I then summoned the boy in my form who had been playing a part in the bullying. I told him that a student in our form was being bullied and named him. Immediately the boy’s face reddened and he cast his eyes downward. I explained the difficulty I had in dealing with the situation as the student was steadfastly refusing to name the culprits. I requested that he keep an eye out for our form member and report back to me. As he left the room, confusion was still contorting his face.
Later that day the ‘bully’ returned. He had regained his composure and approached me confidently. He had spoken to the boy, he told me, and he knew who the bullies were, but he had been sworn to secrecy. He reassured me that the situation was in hand, that he had spoken to the bullies and they would not be bothering our friend again.
By the end of the year those two were best friends and, though I left the school at the end of that year, when I returned for their prom, they were still thick as thieves.
The ‘bully’ avoided punishment, but learned the true value of making amends and gained an enduring friendship. I was happy with that result.
I recently received some beautiful words from a client, who expressed, far better than I could, how NLP had helped her to come to terms with some issues on her fertility journey:
‘You have really hit on some issues and managed to make me re-look at them from a different perspective, the negative barriers I thought I had were acts of love, protection and survival.
The love for my daughter has got me through the darkest days, she was very much wanted and loved from the moment I was pregnant. I know I shouldn't put so much responsibility on her but I really don't know how I would ever have got through my 4 losses without her.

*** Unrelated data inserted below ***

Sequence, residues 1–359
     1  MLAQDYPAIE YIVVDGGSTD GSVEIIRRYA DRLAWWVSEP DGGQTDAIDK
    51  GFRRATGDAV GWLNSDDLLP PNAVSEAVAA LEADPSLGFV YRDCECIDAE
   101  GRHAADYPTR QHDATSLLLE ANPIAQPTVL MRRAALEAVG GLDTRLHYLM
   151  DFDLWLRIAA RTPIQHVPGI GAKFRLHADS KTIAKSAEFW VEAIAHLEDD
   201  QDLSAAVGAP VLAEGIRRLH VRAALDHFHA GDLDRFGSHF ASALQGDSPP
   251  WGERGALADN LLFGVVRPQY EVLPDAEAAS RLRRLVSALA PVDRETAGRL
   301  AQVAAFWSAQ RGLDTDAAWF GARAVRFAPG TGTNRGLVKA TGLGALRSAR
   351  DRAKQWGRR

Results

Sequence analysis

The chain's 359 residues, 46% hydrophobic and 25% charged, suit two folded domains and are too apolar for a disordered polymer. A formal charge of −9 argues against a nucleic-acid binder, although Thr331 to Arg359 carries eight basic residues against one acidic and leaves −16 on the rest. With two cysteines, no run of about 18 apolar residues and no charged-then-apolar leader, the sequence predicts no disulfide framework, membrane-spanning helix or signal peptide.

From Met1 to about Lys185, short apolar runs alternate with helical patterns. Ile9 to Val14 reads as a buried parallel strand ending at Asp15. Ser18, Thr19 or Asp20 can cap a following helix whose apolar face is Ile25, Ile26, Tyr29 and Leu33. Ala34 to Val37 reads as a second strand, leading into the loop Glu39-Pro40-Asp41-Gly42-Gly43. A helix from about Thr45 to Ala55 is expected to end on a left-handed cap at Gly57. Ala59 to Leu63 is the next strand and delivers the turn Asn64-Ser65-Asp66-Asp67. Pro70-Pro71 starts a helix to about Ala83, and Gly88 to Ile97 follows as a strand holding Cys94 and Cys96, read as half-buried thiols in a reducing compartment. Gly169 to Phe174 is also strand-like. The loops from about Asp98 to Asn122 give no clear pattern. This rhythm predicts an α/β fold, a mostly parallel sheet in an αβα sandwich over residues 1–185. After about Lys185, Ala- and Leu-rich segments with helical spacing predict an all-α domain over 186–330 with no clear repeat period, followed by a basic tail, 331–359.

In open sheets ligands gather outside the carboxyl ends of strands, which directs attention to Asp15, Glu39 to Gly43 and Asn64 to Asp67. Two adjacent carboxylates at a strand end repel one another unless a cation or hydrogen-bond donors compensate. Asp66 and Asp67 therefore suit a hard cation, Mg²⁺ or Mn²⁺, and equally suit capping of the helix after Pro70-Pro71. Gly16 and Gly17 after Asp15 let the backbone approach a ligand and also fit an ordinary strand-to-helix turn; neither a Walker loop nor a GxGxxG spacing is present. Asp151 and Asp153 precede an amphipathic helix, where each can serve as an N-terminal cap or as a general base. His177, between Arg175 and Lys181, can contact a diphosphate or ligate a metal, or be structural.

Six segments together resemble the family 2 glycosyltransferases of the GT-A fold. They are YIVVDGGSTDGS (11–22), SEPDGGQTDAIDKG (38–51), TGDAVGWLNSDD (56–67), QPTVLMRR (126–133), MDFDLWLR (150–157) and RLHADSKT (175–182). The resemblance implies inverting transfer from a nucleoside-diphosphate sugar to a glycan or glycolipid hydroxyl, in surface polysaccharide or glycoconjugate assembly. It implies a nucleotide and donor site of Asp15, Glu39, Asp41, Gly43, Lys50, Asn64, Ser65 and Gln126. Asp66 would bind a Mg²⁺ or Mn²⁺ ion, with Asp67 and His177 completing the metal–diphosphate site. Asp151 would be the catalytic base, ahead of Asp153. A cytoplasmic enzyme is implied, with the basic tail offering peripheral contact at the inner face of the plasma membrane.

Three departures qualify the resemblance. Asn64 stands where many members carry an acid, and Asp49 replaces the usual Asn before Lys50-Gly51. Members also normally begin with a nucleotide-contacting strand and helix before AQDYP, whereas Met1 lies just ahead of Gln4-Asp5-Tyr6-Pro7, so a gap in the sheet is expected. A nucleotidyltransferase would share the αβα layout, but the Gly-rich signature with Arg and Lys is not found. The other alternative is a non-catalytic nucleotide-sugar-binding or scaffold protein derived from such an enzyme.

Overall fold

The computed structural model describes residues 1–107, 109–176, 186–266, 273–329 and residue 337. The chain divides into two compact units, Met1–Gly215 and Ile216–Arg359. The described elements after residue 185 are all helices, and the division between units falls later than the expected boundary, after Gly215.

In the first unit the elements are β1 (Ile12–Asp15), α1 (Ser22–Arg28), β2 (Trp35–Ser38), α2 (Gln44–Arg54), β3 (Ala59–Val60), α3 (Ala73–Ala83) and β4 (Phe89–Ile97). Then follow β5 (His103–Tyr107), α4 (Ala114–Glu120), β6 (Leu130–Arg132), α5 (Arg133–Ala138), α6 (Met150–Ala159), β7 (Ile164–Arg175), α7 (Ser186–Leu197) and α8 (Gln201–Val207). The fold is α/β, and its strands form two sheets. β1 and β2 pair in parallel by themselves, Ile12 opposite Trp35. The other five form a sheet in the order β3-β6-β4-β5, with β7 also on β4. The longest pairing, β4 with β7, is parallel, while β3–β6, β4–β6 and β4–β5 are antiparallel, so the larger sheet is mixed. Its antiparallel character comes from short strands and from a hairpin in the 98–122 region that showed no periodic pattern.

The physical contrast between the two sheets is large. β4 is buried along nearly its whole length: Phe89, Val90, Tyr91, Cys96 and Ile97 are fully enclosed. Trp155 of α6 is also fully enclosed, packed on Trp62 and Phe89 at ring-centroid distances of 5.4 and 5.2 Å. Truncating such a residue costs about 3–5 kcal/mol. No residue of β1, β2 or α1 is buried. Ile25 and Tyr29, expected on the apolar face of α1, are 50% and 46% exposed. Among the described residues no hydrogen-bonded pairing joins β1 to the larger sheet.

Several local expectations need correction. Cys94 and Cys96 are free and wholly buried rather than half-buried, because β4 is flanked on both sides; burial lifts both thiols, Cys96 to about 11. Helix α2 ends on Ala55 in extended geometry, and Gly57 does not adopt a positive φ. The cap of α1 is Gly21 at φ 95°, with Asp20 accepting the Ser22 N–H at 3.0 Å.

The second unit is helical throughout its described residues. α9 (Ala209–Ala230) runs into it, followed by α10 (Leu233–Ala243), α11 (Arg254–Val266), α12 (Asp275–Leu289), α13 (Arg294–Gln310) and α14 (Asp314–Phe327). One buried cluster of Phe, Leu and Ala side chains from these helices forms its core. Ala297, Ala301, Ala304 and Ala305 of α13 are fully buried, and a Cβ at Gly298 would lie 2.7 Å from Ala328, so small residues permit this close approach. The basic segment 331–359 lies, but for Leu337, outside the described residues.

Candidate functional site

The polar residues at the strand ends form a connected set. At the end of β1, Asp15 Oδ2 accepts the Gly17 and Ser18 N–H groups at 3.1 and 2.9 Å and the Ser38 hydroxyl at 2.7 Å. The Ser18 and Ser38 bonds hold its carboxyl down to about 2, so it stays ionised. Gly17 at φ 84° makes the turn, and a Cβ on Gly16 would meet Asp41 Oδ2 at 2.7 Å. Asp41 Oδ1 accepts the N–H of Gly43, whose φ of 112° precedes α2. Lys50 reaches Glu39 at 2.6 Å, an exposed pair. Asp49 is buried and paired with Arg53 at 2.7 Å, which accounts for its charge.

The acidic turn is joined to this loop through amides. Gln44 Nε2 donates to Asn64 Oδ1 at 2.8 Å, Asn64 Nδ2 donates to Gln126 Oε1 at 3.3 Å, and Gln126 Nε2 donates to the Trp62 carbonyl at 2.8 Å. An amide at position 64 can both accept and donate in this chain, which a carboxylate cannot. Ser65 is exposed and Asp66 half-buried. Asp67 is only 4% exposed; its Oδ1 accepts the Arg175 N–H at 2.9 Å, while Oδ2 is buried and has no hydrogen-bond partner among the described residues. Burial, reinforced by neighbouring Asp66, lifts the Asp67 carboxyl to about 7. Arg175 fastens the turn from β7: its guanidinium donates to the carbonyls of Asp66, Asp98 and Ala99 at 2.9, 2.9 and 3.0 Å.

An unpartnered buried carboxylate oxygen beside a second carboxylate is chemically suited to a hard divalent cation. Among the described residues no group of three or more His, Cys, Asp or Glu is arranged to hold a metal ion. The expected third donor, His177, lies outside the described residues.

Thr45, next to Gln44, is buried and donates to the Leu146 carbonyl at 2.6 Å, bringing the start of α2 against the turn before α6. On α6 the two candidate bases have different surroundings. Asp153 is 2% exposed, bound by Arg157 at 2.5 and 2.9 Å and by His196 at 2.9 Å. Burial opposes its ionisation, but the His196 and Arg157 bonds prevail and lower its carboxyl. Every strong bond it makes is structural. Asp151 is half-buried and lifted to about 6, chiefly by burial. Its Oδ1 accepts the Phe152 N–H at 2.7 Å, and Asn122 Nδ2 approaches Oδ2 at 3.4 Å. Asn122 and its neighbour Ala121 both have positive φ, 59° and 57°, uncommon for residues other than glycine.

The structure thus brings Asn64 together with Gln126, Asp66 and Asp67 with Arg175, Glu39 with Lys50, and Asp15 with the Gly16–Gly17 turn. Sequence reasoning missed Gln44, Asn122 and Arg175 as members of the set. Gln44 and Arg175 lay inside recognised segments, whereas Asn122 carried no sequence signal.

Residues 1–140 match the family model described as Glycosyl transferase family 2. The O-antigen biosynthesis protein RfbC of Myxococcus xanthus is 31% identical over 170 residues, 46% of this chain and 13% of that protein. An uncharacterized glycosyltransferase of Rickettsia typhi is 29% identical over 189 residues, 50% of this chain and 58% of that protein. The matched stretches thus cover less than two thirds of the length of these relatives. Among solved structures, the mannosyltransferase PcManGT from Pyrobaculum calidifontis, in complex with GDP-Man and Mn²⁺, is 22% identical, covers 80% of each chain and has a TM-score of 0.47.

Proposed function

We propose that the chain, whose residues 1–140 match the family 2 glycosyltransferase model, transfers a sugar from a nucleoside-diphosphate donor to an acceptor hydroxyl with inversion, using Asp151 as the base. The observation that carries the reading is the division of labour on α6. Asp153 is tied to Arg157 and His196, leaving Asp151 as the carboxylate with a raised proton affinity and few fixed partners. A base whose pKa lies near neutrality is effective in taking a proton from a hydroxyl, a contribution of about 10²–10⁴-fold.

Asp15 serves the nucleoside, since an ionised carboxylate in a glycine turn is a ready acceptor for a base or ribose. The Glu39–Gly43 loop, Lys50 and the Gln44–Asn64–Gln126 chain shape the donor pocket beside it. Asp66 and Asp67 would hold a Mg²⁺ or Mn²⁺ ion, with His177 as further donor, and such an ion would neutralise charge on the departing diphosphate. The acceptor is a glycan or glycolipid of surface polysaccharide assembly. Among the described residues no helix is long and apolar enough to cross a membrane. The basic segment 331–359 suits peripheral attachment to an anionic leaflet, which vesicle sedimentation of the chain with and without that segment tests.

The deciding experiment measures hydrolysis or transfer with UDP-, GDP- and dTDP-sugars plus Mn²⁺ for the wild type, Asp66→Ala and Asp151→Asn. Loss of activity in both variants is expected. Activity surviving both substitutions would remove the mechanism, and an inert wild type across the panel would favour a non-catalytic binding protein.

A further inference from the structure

I wish I had heard your words of wisdom earlier so I wouldn't have punished my body - instead I would have nurtured and appreciated the miracle it performed - to conceive and deliver a perfect baby.
As for my ‘more’ list, forgive myself, nurture myself and use positive language to remind myself how strong I am. My list has been added to and these have become my priority.’
There is a saying in NLP, ‘Perception is projection’ which reminds us that what we perceive to be reality is always distorted by our own experience of the world: our language, our beliefs, our memories, attitudes etc.
You are probably aware that our senses, through which we perceive the world, are limited to begin with. Dogs, for example, can hear sounds that we are not capable of hearing and butterflies can perceive ultra-violet light.
Never-the-less, our five senses take in approximately 2 million bits of information per second. These pieces of information then pass through a number of perception filters where they are deleted, distorted and generalised until we are left with roughly 134 bits of information per second from which we construct our ‘truth’. I’m sure you’ll agree that this doesn’t provide us with a very accurate perception of reality.
Plato, in ‘Republic’, describes the effect of education, using the analogy of a group of people who have lived all their lives chained to the blank wall of a cave. These people watch the shadows cast by things which pass in front of a fire outside the cave’s entrance. They give names and meaning to these shadows. This is as close as they get to the ‘truth’ of their reality.
To Plato, the philosopher was like a prisoner who is freed from the cave and comes to understand that the shadows do not make up reality at all. He believed it was possible to perceive the truth of reality once your eyes adjusted to the light of the sun.
I don’t believe that NLP offers the ‘truth’, but it offers techniques which can allow you to see things from a different angle, to find solutions where none seemed possible, find paths where there had previously been dead ends. As my NLP trainer wisely told me: ‘If perception is projection, you might as well focus on the good shit!’